The best short answer your question of how to differentiate is to (1) know your goal, (2) know your students (assets, motivations and instructional priorities to excel with the goal) and then design your teaching and supports to help students bridge from their assets to success with the goal. Stepping into inquiry about impact together to co-plan, co-teach, and co-reflect on impact is how we build our capacity to differentiate well. It’s not as simple as writing strategies into different columns by proficiency level, we also must test our assumptions continuously by observing students as they engage in our instruction, humbly reflecting on what is and isn’t working, and adapting our approach until our students thrive.
Section IV of my book helps teachers do exactly this. For each literacy goal, we begin with purpose and expectations (in content and language, of course!), followed by active engagement tasks and observation questions to gather formative data. The supports are the bulk of the chapter beginning with an “If, then” chart to help teachers build from formative data to address specific learning needs. I include many lesson-ready ideas in a menu of options for teachers to use, or loose, as appropriate to build background, scaffold and teach core concepts and language to reach every student.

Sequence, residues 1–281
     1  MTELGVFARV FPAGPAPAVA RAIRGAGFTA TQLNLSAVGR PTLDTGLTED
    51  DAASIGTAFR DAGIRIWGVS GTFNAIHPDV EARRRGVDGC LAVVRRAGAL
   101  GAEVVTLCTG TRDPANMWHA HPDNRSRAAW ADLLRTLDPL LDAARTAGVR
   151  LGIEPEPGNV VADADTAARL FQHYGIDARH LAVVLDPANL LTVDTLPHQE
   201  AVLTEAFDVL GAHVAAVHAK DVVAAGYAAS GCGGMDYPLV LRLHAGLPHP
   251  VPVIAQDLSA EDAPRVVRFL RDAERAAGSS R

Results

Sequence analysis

I am not one to script a solution for ELs, and in fact I am strongly opposed to cookbook-type “silver bullet” solutions being implemented at scale. What we must do for impact is build our collective capacity to set high expectations, actively engage students, observe as they engage, and then design and adapt our supports as needed to ensure our ELs, and all students, thrive.
This takes me back to your first question of what inspired me to design a flip-to guide. I designed the organization, color-coding and content specifically to enhance teachers’ self-directed learning to reach and teach every student. Just as ELs are diverse, teachers are diverse. They need a book that doesn’t demand one linear path, but invites inquiry, reflection, and adaptation continuously as they focus on what is most important: the unique students they serve every day.